by Colin Campbell
THE three-and-a-half year Gathering Place saga will end in a few weeks time when work at the riverside site is finally completed. Only a few yards of the curved wall remain to be built.
And then Provost Helen Carmichael will officially open the thing to everyone who wants to sit on a wall by the riverside in late November or early December.
Given the level of controversy which has preceded it, the opening ceremony is liable to be a distinctly low key affair.
But not as low as the wall itself. It only looks about 18 inches high.
The artist’s original depiction of how it would look, with people leaning on it, was well wide of the mark, like just about everything else related to the Gathering Place.
No one over the age of two will be able to lean on it, unless they’re under three feet tall.
The section jutting out slightly over the river comprises outsize concrete slabs. But the rest of it, with the concrete now covered over by cream coloured cladding, is for sitting on and not much else.
The Gathering Place is now far enough advanced to offer a pretty clear vision as to what it will finally look like.
It is small, bland, featureless and incredibly unspectacular. When the site is restored to something like it used to be, it will just have a wide lump of creamy coloured curved concrete running through it.
And yet the total price tag on this creation stands at an extraordinary £300,000.
The small band of councillors and officials determined to get it built will be able to claim that it doesn’t seriously damage the scenic beauty of the riverside.
And the campaigners against it will be able to assert that at a cost of at least £300,000, and maybe more given the long delay in completion and the ever rising cost of construction materials, it is a scandalous waste of public money, is wholly unnecessary, and that the natural beauty spot which existed there should have been left untouched.
Members of the public who have no particularly strong feelings either way are likely to say: “Is that what all the fuss was about?”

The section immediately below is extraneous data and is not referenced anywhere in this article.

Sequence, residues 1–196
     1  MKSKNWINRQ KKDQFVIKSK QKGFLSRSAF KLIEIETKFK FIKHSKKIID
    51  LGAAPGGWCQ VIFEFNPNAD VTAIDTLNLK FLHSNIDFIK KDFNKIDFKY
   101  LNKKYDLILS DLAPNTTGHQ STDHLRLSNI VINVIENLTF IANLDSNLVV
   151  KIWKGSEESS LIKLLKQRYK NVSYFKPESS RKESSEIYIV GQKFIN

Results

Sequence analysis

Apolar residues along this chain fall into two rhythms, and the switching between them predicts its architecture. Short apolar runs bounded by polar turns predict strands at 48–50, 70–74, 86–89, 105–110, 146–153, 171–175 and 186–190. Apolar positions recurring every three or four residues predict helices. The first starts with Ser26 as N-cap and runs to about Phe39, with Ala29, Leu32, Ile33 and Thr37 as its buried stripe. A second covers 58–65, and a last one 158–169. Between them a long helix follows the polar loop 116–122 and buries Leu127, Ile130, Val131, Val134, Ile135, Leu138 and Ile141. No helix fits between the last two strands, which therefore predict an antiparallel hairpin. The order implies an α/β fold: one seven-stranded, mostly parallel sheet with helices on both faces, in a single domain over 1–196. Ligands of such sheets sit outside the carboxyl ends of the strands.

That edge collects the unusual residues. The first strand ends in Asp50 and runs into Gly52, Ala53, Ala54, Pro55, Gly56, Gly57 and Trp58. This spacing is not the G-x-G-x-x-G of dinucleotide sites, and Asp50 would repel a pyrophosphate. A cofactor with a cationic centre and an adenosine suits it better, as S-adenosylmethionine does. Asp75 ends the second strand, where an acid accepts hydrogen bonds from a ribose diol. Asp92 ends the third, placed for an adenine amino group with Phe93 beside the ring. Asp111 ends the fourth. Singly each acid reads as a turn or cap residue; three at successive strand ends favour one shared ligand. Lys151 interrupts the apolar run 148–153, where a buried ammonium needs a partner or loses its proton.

But the council clique determined to get the thing built at all or any cost will not be able to entirely wriggle off this particular riverside hook.
It was they who spent tens of thousands of pounds hiring a Glasgow based company to come up with a riverside “artwork” plan.
It was they who accepted the farcically grandiose claims made by the designers for their creation, and then eagerly tried to convince the public they were true.
It was they who became mired in accusations of behind closed doors secrecy and attempts to rush the project through without proper scrutiny or consultation.
It was they who were arrogantly dismissive of all opposing views as they obsessively forged ahead with their “artwork” plan. They had been thwarted in their attempts to adorn the riverside with a clumsy “tilting pier” and they had no intention of giving in to public opposition again.
And it was they who used tens of thousands of pounds of council and Common Good fund money to supplement an arts grant for their vanity project, even though there were so many other ways that the money could and should have been better spent.
Thousands of people who petitioned against the Gathering Place merely asked why, why, and why again.
Why from the outset was something that was obviously just a wall being described as “artwork”?
Why was it necessary to tear up a natural beauty spot and build it there for no obvious or credible purpose?
And why was hundreds of thousands of pounds of public money being spent on something so obviously unnecessary and wasteful by our endlessly poverty pleading council?
And the answers to all three questions remain the same – vanity, vanity, and vanity.
The saga will soon end.
The Gathering Place has not in the end ripped apart the riverside to a hideous degree.
But it has ripped a hole in the credibility of the council and the small clique of councillors in particular who were most fervent in their determination that it should be built. They may have gained their pathetic little £300,000 wall, but they’ve lost a lot in getting there.